The great and natural phenomenon which humanity will some day - through self-expression and also under the law - reveal in itself includes the beauty which shone forth from Christ as He stood transfigured before His three [159] friends, was recognized by God His Father, and received the testimony of Moses and Elias, the Law and the Prophets, the past and that which bears witness to the future.

One point might here be brought out. In the Oriental correspondence to these five crises in the life of Jesus Christ, this third episode is called the "hut" initiation, and the words of St. Peter as he suggests that they should make three "huts," one for Christ and one for Moses and one for Elias, link up this Christian happening with its ancient prototype. Always, in these rarely occurring events, God has been glorified by the light, ineffable and effulgent, shining forth through the raiment of flesh, and this mountain experience is not uniquely Christian. But Christ was the first to gather together into one sequential presentation all the possible experiences of divinity made manifest, and portrayed them for our edification and inspiration in His life history, and in the five Gospel episodes. More and more men will pass through the birth chamber, enter the stream and climb the mountain, furthering God's work for humanity; and Christ's example is rapidly bearing fruit and bringing results. Divinity cannot be gainsaid, and man is divine. If he is not, then the Fatherhood of God is but an empty form of words, and Christ and His Apostles were in error when They recognized, as They constantly did, the fact of our sonship. The divinity of man cannot be explained away. It is either a fact or it is not. God can be known in the flesh through the medium of His children or He cannot. All rests back on God, the Father, the Creator, the One in Whom we live and move and have our being. God is immanent in all His creatures, or He is not. God is transcendent and beyond manifestation, or else there is no basic reality, purpose or origin. Probably the growing recognition in men's minds that He is both immanent and transcendent is true, and we can take our stand upon His Fatherhood, knowing ourselves to be divine because Christ and the Church of all ages have borne testimony to it. [160]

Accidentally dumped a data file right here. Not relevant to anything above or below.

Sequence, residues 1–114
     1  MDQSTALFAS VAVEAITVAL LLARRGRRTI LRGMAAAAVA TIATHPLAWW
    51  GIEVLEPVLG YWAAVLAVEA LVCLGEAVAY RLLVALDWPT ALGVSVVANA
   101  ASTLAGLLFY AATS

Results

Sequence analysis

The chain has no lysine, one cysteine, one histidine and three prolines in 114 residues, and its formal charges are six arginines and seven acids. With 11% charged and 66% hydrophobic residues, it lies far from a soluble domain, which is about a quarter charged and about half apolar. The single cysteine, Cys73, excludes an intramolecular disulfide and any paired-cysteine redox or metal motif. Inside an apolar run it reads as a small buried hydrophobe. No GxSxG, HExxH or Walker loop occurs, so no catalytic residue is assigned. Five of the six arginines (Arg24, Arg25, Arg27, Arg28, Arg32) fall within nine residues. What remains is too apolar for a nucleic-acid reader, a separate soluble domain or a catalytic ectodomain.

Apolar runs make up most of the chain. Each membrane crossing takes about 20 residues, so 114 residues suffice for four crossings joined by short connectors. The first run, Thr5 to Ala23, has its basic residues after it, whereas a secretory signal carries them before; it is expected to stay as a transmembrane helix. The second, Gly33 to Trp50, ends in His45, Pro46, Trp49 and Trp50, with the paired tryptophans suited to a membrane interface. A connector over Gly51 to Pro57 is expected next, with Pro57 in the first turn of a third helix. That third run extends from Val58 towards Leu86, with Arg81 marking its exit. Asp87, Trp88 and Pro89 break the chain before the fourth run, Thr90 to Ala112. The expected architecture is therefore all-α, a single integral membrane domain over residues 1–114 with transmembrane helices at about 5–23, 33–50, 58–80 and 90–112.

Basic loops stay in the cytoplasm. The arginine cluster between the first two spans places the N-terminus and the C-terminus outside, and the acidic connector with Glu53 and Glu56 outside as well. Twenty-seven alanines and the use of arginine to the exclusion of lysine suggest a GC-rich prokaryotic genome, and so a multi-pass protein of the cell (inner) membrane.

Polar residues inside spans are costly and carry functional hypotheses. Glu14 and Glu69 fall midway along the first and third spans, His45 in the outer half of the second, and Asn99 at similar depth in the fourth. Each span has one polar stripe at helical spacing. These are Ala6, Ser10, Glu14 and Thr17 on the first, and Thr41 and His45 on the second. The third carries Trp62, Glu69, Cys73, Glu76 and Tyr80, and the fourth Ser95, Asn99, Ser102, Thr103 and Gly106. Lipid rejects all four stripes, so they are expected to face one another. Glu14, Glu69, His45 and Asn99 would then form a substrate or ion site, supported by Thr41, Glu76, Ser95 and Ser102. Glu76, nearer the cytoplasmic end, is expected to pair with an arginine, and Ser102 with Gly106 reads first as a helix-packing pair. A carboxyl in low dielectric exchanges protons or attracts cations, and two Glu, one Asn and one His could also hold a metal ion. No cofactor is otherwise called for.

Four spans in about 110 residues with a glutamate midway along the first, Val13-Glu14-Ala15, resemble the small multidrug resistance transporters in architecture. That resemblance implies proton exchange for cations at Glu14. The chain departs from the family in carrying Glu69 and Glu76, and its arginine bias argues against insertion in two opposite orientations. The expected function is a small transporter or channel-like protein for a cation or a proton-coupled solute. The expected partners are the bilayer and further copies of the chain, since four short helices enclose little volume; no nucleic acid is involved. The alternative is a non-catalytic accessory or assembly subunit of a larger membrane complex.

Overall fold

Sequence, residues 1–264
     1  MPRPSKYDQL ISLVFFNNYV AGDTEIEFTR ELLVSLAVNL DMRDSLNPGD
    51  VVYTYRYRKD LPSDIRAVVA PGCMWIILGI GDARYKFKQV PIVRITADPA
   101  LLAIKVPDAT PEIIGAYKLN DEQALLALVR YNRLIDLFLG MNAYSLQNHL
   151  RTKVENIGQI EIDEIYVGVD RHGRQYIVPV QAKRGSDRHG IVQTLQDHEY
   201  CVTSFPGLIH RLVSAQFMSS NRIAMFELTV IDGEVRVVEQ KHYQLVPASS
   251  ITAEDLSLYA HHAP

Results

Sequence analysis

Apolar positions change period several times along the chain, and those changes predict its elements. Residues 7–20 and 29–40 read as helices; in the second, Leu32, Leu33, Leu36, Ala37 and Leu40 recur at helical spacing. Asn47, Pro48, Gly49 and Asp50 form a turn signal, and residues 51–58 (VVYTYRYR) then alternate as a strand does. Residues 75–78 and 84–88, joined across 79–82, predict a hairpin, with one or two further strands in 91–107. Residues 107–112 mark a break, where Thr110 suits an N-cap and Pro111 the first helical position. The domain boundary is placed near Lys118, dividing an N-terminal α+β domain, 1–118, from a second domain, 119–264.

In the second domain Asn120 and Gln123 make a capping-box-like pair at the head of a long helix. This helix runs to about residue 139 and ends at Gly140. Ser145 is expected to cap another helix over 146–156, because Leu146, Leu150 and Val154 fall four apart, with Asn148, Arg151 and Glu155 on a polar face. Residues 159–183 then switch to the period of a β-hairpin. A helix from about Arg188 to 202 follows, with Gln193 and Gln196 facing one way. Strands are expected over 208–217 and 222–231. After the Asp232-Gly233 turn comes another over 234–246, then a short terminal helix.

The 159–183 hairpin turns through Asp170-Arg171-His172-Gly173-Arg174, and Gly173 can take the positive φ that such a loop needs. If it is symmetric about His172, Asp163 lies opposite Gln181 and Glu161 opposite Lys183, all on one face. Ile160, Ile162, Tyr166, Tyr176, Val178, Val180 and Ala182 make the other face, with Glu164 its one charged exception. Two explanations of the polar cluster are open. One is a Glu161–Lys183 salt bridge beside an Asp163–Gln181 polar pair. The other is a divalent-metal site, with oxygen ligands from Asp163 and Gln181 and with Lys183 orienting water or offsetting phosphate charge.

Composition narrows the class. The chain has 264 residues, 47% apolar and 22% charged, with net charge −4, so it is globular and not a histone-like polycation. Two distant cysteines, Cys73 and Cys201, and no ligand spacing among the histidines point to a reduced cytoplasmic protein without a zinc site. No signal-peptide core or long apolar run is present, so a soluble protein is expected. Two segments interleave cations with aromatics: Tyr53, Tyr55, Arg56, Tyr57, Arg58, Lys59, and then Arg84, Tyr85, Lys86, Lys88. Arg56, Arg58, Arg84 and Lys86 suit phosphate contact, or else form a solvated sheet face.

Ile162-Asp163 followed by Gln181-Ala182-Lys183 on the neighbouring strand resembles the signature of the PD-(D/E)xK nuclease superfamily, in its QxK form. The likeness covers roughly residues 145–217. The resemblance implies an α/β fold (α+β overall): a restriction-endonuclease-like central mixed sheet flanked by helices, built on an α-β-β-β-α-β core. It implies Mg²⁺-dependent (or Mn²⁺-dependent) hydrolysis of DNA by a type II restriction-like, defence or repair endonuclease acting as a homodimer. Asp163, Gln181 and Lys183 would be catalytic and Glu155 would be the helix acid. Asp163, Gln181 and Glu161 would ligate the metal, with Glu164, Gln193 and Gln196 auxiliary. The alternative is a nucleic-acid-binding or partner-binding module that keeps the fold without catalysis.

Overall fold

This time the Word spoken differs from the previous one. The first part of the pronouncement made by the Initiator Who stands silently behind the scenes as Jesus takes initiation after initiation is practically the same as that at the Baptism initiation, except for one expressed command. He said, "This is my beloved Son, in whom I am well pleased," but added this time, "Hear ye him." At the first great episode, God the Father, of Whom the Initiator is the symbol, did not make His Presence known. The angels spoke the word, embodying Christ's mission on His behalf. At the Baptism He accorded recognition, but that was all. At this Initiation, God commanded humanity to pay attention to this particular crisis in the life of Christ and to listen to His words. The power and the right to speak is now conferred upon the Christ, and it is interesting to note that the major part of the teaching (as given in St. John's Gospel and in many of the parables) was given by Christ only after He had been through this experience. Again God gave evidence that He recognized Christ's Messiahship, which word is man's interpretation of the recognition. At the Baptism, He recognized Him as His Son, sent into the world, from the bosom of the Father, to carry out the will of God. That which Christ had recognized in the Temple as a child was later endorsed by God. This recognition is repeated, and the endorsement is strengthened, by the command to the world to hear the words of the Savior, or perhaps from the esoteric and spiritual standpoint, to hear that Word which was God made Flesh.